In your opinion, how well does the 2024 operating budget align with the budgetary guidelines established?There is not enough allocation to housing initiatives within Social Services portfolio.
Are you generally satisfied with the new initiatives in the operating budget?No, there are not enough new funds allocated to housing initiatives under Social Services portfolio.
In your opinion, what changes or improvements would you suggest for the 2024 operating budget to better meet the needs of the community?Increase in Social Services (homelessness & housing)

November 14, 2023 – Mayor Neil Ellis says emergency action plan needed on homelessness

From 2006 to ’14 we basically had some couch-surfing, but really no visible homelessness. I went away for basically two terms — eight years — came back, and we have approximately 200 homeless

So it’s grown and grown and growing, and there doesn’t seem to be an end to it.

It’s basically a health crisis. It’s a social economic crisis. And I don’t see that successive governments at the provincial level … are tackling any type of thing that we can see — whether it’s poor policy decisions, or they’re just not interested in it

When I look at it, why aren’t they interested? Basically the cost, but the homeless don’t vote, and I hate to say it. But it’s a social crisis right now and we need to get out in front of it.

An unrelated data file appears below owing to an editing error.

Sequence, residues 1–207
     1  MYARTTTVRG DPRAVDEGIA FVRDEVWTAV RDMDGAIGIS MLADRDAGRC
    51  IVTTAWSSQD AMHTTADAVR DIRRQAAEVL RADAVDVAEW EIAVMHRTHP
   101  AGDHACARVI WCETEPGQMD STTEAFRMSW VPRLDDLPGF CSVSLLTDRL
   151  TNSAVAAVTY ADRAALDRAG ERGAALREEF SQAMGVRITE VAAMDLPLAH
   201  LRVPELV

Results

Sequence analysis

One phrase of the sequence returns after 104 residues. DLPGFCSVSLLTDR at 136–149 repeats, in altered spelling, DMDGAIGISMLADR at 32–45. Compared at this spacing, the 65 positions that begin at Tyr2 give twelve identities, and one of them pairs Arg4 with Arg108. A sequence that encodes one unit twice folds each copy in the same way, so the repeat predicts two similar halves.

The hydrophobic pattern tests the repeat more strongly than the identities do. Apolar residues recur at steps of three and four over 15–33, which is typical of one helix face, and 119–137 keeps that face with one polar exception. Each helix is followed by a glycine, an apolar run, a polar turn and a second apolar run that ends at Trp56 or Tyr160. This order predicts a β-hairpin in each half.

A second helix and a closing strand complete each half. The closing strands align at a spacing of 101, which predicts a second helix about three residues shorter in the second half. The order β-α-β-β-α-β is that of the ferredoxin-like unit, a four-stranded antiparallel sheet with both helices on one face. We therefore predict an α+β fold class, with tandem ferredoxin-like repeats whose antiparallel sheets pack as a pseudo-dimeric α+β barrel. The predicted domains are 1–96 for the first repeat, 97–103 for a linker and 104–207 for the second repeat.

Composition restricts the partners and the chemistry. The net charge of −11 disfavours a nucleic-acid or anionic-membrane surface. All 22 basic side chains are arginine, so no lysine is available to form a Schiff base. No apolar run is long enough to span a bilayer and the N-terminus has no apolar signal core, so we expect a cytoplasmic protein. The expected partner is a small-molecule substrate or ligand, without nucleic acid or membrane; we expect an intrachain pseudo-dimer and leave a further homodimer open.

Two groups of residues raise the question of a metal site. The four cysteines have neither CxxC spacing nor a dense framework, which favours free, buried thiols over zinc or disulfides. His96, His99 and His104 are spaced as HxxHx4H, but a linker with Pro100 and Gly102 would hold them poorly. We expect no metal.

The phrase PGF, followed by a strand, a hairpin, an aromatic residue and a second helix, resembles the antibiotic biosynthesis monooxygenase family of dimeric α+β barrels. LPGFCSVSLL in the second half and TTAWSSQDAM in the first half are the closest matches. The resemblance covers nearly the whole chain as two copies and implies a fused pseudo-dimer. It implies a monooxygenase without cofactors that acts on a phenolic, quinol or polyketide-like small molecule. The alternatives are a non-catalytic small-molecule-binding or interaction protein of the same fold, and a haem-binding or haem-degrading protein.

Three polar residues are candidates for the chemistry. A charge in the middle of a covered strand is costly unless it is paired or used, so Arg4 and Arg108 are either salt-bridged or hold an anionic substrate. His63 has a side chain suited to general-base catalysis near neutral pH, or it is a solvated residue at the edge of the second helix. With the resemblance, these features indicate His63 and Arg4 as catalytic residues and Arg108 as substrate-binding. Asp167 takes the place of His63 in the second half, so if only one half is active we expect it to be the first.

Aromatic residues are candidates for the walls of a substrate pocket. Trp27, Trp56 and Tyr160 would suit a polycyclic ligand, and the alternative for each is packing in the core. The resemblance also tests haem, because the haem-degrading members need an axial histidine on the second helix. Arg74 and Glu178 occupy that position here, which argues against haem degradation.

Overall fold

Mayor Neil Ellis to CBC Radio’s Ontario Morning

Ellis said as mayor he gets about 5 to 15 calls a week from residents about homelessness, and the MPP Todd Smith gets fewer. The mayor said residents don’t realize they should call upper levels of government and lobby them instead.

November 14, 2023 – Belleville calls on the province to acknowledge the homelessness crisis and commit to ending it

The motion asks the province to step up with much more financial and services support saying municipalities don’t have the resources to deal with increasing numbers of people experiencing homelessness.

Provincial Recognition of Homelessness as a Crisis
REC. NO. 456-2023
Moved by Councillor Lisa Anne Chatten
Seconded by Councillor Kathryn Brown
WHEREAS the homelessness crisis is taking a devastating toll on families and communities, undermining a healthy and prosperous Ontario; and

WHEREAS the homelessness crisis is the result of the underinvestment and poor policy choices of successive provincial governments; and